One of the most iconic and infamous images of the communication age is the amateur film that records the assassination of John Kennedy taken by Abraham Zapruder.
Now known as the Zapruder Film, he almost didn’t take his camera that fateful day. Although he had planned to watch the motorcade pass on Dealey Plaza, it was his assistant’s idea that he should collect his camera from home.
Zapruder had his own women’s clothing manufacturing business and his offices were in the Dal-Tex Building, directly opposite the Texas School Book Depository.
He waited for the motorcade to pass stood on top of a concrete block with his secretary propping him up from behind and began filming as the President’s car turned on to Elm Street.
Zapruder was using a top of the range 8 mm Bell & Howell Zoomatic Director camera that he’d bought the year before and the next 26.6 seconds were captured on 486 frames of Kodak Kodachrome II safety film.
In the confusion that followed Kennedy’s assassination, Zapruder ran into the reporter Harry McCormick and explained what he had filmed McCormick brought secret service agent Forrest Sorrels to Zapruder’s office.
He handed over the film to assist with the investigation and it was eventually it was taken to Eastman Kodak’s office to be processed.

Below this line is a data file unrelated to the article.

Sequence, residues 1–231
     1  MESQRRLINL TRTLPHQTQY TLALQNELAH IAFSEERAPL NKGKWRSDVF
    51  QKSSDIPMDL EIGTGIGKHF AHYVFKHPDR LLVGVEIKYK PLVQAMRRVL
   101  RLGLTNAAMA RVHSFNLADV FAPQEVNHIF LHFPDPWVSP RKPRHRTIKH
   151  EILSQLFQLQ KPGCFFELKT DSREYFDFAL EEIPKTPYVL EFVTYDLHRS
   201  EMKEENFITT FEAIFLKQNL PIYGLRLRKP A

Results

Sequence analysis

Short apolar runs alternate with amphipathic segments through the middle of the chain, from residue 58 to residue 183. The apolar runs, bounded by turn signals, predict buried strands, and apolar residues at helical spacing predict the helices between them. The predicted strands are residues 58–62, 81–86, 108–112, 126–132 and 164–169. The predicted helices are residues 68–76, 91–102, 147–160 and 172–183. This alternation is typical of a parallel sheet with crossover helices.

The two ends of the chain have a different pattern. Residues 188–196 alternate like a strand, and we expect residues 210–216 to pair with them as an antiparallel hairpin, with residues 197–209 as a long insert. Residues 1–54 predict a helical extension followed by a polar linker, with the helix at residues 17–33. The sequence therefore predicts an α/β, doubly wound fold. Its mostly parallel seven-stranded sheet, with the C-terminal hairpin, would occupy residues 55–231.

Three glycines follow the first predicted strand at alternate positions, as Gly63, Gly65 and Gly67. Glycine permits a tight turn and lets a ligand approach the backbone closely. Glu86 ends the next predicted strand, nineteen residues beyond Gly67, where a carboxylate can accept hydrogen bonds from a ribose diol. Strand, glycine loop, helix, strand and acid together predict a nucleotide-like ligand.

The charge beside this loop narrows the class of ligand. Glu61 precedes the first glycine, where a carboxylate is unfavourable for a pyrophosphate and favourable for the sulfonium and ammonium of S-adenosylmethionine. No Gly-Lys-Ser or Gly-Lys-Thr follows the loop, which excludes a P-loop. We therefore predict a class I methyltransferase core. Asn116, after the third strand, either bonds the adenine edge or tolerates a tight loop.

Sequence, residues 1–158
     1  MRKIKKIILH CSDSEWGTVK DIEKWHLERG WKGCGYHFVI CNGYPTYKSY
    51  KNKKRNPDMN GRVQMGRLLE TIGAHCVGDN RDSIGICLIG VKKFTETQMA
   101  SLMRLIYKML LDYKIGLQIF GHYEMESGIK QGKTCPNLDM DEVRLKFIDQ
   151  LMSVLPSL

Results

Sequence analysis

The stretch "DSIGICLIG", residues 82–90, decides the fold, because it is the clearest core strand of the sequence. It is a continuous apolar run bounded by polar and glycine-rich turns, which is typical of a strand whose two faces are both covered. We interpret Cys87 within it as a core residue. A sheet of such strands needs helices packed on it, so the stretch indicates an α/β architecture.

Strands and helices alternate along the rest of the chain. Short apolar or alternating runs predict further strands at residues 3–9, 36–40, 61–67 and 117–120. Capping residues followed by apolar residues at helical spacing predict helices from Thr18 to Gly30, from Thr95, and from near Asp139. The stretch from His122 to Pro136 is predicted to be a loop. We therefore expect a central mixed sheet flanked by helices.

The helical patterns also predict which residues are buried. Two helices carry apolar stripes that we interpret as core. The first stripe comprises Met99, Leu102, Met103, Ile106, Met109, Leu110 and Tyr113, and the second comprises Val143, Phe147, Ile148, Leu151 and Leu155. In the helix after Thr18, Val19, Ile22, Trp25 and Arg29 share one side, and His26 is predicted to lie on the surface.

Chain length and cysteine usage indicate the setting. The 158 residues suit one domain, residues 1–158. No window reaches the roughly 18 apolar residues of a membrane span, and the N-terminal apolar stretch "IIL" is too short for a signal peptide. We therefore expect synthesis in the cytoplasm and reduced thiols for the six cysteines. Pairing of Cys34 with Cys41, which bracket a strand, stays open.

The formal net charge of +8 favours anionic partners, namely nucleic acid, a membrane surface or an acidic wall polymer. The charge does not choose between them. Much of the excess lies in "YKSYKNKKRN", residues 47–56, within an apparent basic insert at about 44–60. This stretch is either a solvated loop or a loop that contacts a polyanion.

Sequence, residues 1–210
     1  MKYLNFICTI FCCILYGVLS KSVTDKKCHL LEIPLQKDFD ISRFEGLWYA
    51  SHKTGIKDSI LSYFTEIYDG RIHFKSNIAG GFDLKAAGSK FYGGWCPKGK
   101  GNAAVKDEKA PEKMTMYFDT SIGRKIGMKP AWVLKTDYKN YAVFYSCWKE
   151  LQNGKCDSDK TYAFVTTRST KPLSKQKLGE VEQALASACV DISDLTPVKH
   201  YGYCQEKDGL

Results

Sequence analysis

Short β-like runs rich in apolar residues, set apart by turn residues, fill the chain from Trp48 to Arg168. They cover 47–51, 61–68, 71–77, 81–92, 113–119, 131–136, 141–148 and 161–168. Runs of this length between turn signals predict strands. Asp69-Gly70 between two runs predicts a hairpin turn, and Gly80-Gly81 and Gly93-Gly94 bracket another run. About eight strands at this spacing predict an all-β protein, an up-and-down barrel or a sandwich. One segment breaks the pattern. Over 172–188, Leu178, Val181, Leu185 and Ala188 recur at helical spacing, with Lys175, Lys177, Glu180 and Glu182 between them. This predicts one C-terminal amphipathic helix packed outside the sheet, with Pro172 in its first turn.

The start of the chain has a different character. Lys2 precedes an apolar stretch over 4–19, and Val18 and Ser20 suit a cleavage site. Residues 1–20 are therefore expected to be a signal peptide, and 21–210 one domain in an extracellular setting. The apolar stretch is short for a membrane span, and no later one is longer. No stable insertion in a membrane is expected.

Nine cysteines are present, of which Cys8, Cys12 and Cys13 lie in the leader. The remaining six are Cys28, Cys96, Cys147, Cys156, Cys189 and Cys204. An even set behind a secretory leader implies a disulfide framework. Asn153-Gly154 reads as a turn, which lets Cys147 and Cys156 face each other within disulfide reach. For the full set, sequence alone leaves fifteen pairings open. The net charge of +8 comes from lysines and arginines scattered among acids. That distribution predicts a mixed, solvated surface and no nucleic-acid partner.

Zapruder was interviewed live that evening on the WFAA television station and said:
And as I was shooting, as the President was coming down from Houston Street making his turn, it was about a half-way down there, I heard a shot, and he slumped to the side, like this. Then I heard another shot or two, I couldn’t say it was one or two, and I saw his head practically open up.
The following morning, he sold the print rights to Life magazine for $50,000 and later the whole rights to the film for $150,000, giving $25,000 to the widow of the policeman who had also been murdered by Lee Harvey Oswald.
However, Zapruder was haunted by a nightmare in which he saw a booth in Times Square advertising ‘See the President’s head explode!’ and a condition of the sale to Life magazine was that frame 313 showing the fatal shot should be withheld.
The camera that Zapruder used that day is now in the collection of the US National Archives. He died of stomach cancer in 1970 and the 2007 film Frame 313 tells his story.
Below is the fateful Zapruder Film from YouTube.